Old Expat tales

Being an expat you have to take the rough with the smooth, I think If you were to ask either expat daddy or myself this week what we think about life in Holland, you wouldn’t get a positive response from either of us. I think that’s normal tho as we’ve been home with our family so you always feel unsettled. The fact of the matter is that neither one of us is ready to go “home” yet, Ireland is in tatters so that would be a disastrous move of epic proportions, England?? Well I don’t want to live a country that refuses to let my son see a Dr because were not asylum seekers just expat’s  with a British passport.

I like it here in Holland, granted the weather is pants but if it’s cold you can layer up, if it’s wet you can put on your wellies and splash around, I say this because while we sat in Brussels airport I was feeling quite nostalgic about Dubai. It seemed to have slipped my mind that it’s now in the 40’s and unbearable outside, that we had No disposable cash to even be sitting at airports waiting to go and visit family that were just an hour away. “But you always remember the good stuff” expat daddy’s say, we’re still trying to settle in Holland so we are going to forget that EPD was stressed beyond belief and would  be up working until 2am most nights, on conference calls in the middle of desert while we’re supposed to be having fun camping with friends. It slipped my mind that here EPD is home for dinner every night, we go to bed at the same time unless the apprentice or match of the day is on, we can afford to send LPV to daycare for a day and that our social life is better especially when Grandma is so close she comes to babysit.

This has all stemmed from reading this article it’s an old one but I had never seen it before, it’s sad to hear stories about badly treated maids and construction workers, once in a while all these articles or Dubai old wives tales surface. You know the one where somebody know some one who got arrested for picking his nose, whatever!! There is government bureaucracy in every country you go to, take wednesday morning for example, I pull LPV out of daycare and miss my gym session to go and sit in a seat while some guys who didn’t speak to me once sticks a sticker in my passport.

The thing that saddens me the most was the arrogance of the holiday makers and expats, I’ve said it before and I will say it again SOME Dubai  expats are just poor excuses for human beings. However he did only pick a handful of people and probably went out on brunch day so all expat are p**sed and arrogant anyway. He didn’t go to the mam’s and Tots groups full of down to earth women just trying to support each other, he didn’t go to the school where I used to Mercatto  and meet two of the loveliest ladies eating tiramisu who supported me through the last few weeks of my pregnancy. Or the school where my two friends work, these are the lovely expats who don’t read about because they’re too busy just getting on with normal life. There are obviously expats here but expat life is different here, there isn’t separate groups like them and us, they’re schooled with the dutch, they’re married to the dutch, Its strangely nice but can be more lonesome.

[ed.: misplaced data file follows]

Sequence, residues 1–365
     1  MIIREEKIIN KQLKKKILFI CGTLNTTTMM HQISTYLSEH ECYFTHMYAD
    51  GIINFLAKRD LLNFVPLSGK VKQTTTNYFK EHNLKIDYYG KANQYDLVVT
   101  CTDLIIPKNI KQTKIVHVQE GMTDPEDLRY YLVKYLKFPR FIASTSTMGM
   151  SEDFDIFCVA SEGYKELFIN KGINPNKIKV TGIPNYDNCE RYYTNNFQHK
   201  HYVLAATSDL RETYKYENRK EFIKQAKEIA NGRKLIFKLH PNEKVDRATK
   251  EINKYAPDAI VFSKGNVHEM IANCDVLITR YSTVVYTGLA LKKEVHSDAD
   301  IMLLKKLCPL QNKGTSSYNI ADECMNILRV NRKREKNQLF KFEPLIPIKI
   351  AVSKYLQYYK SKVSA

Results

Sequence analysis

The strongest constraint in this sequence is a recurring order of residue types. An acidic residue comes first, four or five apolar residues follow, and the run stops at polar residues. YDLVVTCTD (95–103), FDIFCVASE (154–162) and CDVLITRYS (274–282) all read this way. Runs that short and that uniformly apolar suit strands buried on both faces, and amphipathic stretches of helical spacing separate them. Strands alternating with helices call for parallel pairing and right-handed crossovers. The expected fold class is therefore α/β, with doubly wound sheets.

The fact of the matter is that I’m not sorry I left, I miss my mammy mafia so much my heart aches sometimes, but I don’ t want  LPV to grow up having friends leave all the time, grow up to have never caught the bus or gone on a train or picked up his own laundry from the floor. I don’t want him to have fake friends that can’t even find 5 minutes to say goodbye when you leave *am I still bitter,Oh  I think so!!!*

So in a roundabout sort of way I know we made the right move, it’s just taking longer to realise it, LPV will always have his mafia buds as will I but we’re making room for new ones and well, they’re pretty awesome too!


3 thoughts on “Old Expat tales

  1. Asturian Diary says:

    It’s tough being an expat sometimes but it does get easier the longer you’re in one place and once friendships have the chance to grow and deepen – as you already know. It’s hard to remember that sometimes on the tough days. Sounds like you’re making a great life for yourselves in Holland and I’m well impressed with your new exercise plan. I find that exercise, while it may not always be fun in the moment, always leaves me feeling more cheerful afterwards!

  2. inmemoryoflachlan says:

    I totally understand where you are coming from. It took a long time for me to get over what we went through in the UAE and for so long I missed it so much, especially as the choice to leave was not ours, but then I had time to think about the fact that even though hubby works away now, I still see him more now than I did in Dubai due to his long hours and exhaustion! We have a much better quality of life and far more money too! I can now see through the haze and realise just how bad things really were and how much we put up with and blinded ourselves to over there. I miss my friends but I am glad I never have to go back there again. I am so glad I can raise KJ here and send him to an awesome school at a far more affordable price (even the most exclusive school in Aus is far cheaper than a year at a mediocre school in Dubai!) I still get cranky at certain things here in Aus, but I am so grateful to be home with my family. I miss you though hunny xxoo

  3. henryalexanderstravels says:

    Yes it is an unbearable 40 degrees here in Dubai and only going to get worse! So enjoy the cold and the rain. But there are definitely great things about living here, especially my own group of fabulous Mummy friends! Sensationalist articles like that one do not tell the whole story of life in Dubai.

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